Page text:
Wednesday, August 30, 2006
Tuesday, August 29, 2006
The view of Cresthill from Lake Placid. Thanks to Jan Gregg for taking these great photos!
The floating dock I like to stretch on.
Me, Bryan Fish and Brian Gregg eating dinner on our screened in porch/kuzzy's bedroom.
Cooking dinner in our kitchen.
Monday, August 28, 2006
Several people have asked me what I do all day. They start out the question a little hesitantly, as if trying to decide how to ask without risk of offending me or appearing not to support my decision to spend my time and energy on becoming a better skier. Which, really, in the grand scheme of saving the world doesn't seem to be the most straightforward strategy. So here's my yesterday through now.
8:30 Wake up. Since it's a light day of training after our triathlon on Saturday, Brian and I decide to sleep in. First thing in the morning we pull the freshly made bread from the bread machine and have a thick slice with yoghurt butter and creamed honey. I made this bread and added oatmeal and quinoa to the dough and some of the quinoa emerged on the crust to form light yellow polka dots. I like it.
9:30 Breakfast. Brian decides today is a good day for pancakes and makes them. We have breakfast on the screened-in porch.
10:00 Brian Gregg, Garrott Kuzzy and I live at Cresthill Resort which is run by Scott & Kay Wilson, who are great people and wonderful supporters of cross country skiing but Kuzzy is out on the East Coast so it's just Brian and I this week. Scott stops by when we're finishing breakfast and says he thinks that one of our appliances is interferring with the TV reception. We experiment and figure out that it's Brian's computer.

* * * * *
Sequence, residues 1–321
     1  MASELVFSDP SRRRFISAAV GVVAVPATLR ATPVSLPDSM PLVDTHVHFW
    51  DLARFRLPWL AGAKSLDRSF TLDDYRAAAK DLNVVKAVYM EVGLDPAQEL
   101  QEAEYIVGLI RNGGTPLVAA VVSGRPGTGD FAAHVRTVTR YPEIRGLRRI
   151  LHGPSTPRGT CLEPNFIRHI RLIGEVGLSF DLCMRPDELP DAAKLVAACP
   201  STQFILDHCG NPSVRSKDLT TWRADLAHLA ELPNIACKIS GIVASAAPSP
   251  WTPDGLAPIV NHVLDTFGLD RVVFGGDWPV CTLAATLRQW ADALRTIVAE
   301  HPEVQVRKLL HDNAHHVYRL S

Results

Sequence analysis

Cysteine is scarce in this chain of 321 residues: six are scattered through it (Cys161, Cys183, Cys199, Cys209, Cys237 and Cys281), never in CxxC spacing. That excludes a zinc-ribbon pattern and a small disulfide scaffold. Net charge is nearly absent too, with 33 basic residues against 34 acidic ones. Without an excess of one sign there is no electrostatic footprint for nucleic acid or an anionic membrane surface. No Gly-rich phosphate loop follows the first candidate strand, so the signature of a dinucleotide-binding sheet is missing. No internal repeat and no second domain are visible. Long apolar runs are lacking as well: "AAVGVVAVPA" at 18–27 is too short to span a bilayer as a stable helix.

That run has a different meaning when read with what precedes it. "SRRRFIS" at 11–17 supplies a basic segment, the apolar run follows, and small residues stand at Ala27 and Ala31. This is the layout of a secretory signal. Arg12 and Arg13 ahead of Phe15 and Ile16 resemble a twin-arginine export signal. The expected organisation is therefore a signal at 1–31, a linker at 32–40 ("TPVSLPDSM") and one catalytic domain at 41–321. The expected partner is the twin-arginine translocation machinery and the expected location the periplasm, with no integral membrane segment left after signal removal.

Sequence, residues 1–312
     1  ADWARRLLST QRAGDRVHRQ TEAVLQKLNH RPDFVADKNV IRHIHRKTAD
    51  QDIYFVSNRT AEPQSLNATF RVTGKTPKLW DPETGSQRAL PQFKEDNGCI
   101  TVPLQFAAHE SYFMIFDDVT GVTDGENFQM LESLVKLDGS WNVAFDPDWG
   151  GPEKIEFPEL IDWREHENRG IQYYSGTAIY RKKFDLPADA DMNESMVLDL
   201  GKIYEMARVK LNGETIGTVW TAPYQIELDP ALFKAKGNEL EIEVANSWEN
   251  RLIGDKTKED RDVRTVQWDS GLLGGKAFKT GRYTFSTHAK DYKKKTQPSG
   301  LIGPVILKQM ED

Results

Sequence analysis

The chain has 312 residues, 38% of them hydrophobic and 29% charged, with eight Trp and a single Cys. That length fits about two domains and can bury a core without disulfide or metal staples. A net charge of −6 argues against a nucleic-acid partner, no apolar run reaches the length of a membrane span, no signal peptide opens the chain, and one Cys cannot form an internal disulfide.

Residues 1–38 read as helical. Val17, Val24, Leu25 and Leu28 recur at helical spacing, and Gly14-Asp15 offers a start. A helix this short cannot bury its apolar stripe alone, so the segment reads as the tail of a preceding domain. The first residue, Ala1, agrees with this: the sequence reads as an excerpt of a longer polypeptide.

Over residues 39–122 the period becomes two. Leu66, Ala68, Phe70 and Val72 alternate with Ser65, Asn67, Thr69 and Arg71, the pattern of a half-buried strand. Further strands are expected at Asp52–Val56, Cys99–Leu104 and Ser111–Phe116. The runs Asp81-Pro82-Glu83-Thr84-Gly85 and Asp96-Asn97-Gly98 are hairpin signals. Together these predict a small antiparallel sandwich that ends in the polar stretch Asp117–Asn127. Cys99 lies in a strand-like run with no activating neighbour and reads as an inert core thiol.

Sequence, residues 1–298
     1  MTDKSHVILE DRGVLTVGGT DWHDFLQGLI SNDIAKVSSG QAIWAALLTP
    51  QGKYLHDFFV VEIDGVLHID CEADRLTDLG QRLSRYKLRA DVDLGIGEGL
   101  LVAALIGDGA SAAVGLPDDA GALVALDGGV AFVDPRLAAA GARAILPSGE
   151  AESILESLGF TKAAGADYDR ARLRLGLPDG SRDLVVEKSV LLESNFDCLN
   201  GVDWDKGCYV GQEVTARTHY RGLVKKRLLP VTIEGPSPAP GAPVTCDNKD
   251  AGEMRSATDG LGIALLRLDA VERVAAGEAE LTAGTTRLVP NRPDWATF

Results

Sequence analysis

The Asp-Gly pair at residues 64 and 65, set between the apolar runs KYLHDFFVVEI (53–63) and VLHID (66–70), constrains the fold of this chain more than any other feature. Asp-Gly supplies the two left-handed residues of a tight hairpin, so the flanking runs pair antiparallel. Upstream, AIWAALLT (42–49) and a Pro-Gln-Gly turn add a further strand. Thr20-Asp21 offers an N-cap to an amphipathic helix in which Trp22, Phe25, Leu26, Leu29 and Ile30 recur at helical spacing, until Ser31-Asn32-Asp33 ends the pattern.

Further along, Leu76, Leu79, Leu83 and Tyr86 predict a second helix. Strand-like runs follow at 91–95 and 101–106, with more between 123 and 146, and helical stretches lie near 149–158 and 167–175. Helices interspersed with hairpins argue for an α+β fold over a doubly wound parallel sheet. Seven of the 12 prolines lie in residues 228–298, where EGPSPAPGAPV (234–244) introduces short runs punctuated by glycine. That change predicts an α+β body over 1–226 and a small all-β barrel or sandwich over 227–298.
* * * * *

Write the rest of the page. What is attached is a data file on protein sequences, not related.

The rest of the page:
11:30 Brian and I walk down to the beach and I swim before joining him out on the floating dock to stretch and do yoga. We compete to see who can balance on one leg the longest on the rocking dock, I lose. I take another short swim before going in.
1:00 After my swim I come in and Brian has made a salad for lunch. Kay stopped by and gave us cucumbers and tomatoes from a friend's garden and so we get cherry tomatoes in our salad. We get so involved with our Gjetost brown goat cheese on the quinoa bread that we almost burn the granola that Brian made and put in the oven before lunch. At some point I read about a third of "Raising the Bar, the story of clif bar."
3:00 Brian and I pack bags and rollerski about 2 hours over to Seeley where our weight room is and lift weights before showering at our coach's house, also in Seeley, and getting picked up by Scott and Kay to go to Dennis Kruse's house for dinner. During the ski/weights we only speak Spanish.
7:00 Yuri Gusev and Irene are staying at Dennis' house so we all enjoy dinner together and spend a long evening out on the back porch around the table. Yuri brought me a box of Candinas truffles which I have secreted away for future review.
10:30 Bed time. But Brian and I are meeting Dennis, Yuri, & Irene to go waterskiing tomorrow, our day off.
7:30am Wake up.
8:30 I just took the cranberry scones out of the oven and am wondering if I should wait for Brian to wake up for breakfast. Decide not to...
Sunday, August 27, 2006
Thanks to New Moon Bike and Ski shop for loaning me this sweet mountain bike to race on.
Saturday, August 26, 2006
Chequamegon Fat Tire Tri quotes
I did a local Triathlon today- 3/4 mile swim, 19 mile mtn bike, 7 mile trail run and ended up winning, not on purpose, but these things just happen sometimes. My leg rankings were 8th in the swim, 1st in the bike by about 6 minutes and 3rd in the run. Maybe I should try this mountain biking thing.
Me to Brian during breakfast at 6:15, it's a 35 min drive to the venue: "so when I said I wanted to get there at 7:30, I somehow thought that was an hour and a half before our race, not half an hour."
Bryan Fish to me, on the starting beach: "what distances are the legs?"
me throughout the entire bike leg: "oh-no, oh-no, eek!"
Announcer to me, post race: "I've never heard of you before, who are you, where did you come from?"
(what's a good response to that, I couldn't come up with one.)